task in psychology experiments, only 10% of people selected the right answer. ∙ When the task was reframed in the underage drinking context, 75% of people got the right answer. ∙ Psychologists: When given abstract tasks, the brain cuts corners and we act irrationally. ∙ This activity underscores why we need mathematical systems to support our thinking. 9
  21. stepping stones 10

  22. what is mathematical inquiry?

  23. inquiry framework Part 1 Explore mathematical ideas related to Lights

    On. As you explore, keep a record of the process: Explore Lights On ∙ Where is the mathematics? ∙ Record all mathematical ideas and questions. Meta-Process ∙ Record any mathematician moves you make. ∙ Keep track of the motivation behind those moves. Our objective is to become consciously aware of the questions we ask and moves we make while doing mathematics. 12
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  72. inquiry framework Part 1 Explore mathematical ideas related to Lights

    On. As you explore, keep a record of the process: Explore Lights On ∙ Where is the mathematics? ∙ Record all mathematical ideas and questions. Meta-Process ∙ Record any mathematician moves you make. ∙ Keep track of the motivation behind those moves. Ponder: How do your moves look in other mathematical contexts? 15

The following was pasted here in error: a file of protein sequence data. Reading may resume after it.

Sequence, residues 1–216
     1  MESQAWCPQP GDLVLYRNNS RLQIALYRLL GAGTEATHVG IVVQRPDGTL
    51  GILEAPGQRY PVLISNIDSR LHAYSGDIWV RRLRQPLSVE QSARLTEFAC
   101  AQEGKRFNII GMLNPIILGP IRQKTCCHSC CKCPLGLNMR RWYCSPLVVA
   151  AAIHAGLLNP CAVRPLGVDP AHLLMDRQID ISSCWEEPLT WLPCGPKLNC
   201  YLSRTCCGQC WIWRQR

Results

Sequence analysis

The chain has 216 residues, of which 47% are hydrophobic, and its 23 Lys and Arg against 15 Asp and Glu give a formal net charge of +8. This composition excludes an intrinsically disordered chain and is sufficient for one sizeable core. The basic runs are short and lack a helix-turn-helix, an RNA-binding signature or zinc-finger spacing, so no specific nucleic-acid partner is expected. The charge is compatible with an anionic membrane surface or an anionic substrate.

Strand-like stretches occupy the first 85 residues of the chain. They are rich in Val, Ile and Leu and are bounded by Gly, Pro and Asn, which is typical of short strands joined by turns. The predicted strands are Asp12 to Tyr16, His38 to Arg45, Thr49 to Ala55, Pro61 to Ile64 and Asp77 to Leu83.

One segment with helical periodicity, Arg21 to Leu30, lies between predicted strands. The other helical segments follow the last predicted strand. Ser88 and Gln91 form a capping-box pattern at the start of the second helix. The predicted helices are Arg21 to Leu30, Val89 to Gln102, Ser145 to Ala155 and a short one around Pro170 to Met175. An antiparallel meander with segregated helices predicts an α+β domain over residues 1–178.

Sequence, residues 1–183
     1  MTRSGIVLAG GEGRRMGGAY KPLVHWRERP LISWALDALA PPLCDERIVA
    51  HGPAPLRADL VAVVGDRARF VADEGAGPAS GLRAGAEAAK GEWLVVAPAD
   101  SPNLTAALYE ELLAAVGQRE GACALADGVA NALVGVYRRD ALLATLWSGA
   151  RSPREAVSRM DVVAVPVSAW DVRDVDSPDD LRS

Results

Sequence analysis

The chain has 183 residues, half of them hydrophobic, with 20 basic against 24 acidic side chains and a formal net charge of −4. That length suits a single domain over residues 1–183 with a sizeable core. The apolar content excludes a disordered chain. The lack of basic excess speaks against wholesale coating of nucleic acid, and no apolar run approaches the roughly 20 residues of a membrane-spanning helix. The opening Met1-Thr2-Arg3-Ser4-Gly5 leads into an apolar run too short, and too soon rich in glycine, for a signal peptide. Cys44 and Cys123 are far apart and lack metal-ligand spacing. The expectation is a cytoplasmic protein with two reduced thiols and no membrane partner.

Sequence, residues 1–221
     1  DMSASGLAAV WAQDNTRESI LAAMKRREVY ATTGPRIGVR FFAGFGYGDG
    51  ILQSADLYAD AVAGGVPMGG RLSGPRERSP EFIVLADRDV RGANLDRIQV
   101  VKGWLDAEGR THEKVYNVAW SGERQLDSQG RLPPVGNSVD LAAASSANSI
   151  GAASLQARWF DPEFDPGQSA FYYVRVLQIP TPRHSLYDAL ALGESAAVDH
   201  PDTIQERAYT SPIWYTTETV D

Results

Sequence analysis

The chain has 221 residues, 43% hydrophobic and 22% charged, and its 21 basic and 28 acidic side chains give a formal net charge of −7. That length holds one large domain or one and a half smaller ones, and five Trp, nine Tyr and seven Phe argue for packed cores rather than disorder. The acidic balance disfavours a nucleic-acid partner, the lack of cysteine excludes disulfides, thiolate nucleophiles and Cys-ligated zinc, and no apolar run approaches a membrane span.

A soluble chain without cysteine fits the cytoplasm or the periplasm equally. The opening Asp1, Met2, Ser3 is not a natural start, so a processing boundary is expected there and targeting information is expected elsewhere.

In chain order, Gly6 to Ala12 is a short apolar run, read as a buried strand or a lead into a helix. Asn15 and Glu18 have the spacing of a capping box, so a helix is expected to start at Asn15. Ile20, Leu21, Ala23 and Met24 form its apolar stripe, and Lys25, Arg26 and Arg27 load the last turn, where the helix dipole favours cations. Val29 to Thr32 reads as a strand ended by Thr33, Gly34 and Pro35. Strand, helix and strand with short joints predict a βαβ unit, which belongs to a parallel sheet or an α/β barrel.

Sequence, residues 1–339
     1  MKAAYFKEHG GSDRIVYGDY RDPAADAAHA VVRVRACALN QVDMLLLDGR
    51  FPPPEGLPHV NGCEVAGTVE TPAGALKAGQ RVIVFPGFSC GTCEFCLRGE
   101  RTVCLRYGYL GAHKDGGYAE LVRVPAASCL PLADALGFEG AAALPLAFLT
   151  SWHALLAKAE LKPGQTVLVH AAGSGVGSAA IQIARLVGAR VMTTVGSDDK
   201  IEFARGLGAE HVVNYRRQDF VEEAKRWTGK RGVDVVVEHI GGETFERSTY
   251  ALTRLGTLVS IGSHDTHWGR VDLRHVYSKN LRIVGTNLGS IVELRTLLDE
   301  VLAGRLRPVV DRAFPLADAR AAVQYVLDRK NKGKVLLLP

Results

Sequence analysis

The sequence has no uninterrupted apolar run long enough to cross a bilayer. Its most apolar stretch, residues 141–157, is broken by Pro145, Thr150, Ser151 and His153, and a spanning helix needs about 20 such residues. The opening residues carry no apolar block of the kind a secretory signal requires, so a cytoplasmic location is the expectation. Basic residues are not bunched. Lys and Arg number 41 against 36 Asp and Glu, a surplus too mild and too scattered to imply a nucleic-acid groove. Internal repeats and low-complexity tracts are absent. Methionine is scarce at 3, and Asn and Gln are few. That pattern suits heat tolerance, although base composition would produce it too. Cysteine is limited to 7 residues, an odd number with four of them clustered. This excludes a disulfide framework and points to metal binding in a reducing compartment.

73. inquiry framework Part 2 Now that we have the raw

    data of questions and moves, our objective is to organize our thinking into a visual representation of the process of mathematical inquiry. 16
  74. inquiry framework Here is a non-mathematical example. 17

  75. inquiry framework Part 2 Consider the following sources of information

    about the process of doing mathematics: ∙ The ideas generated in Part 1, ∙ Your own experiences doing mathematics for fun/research, and ∙ The behaviors you’ve seen in your students. The goal is to produce a visual representation for the process of mathematical inquiry. 18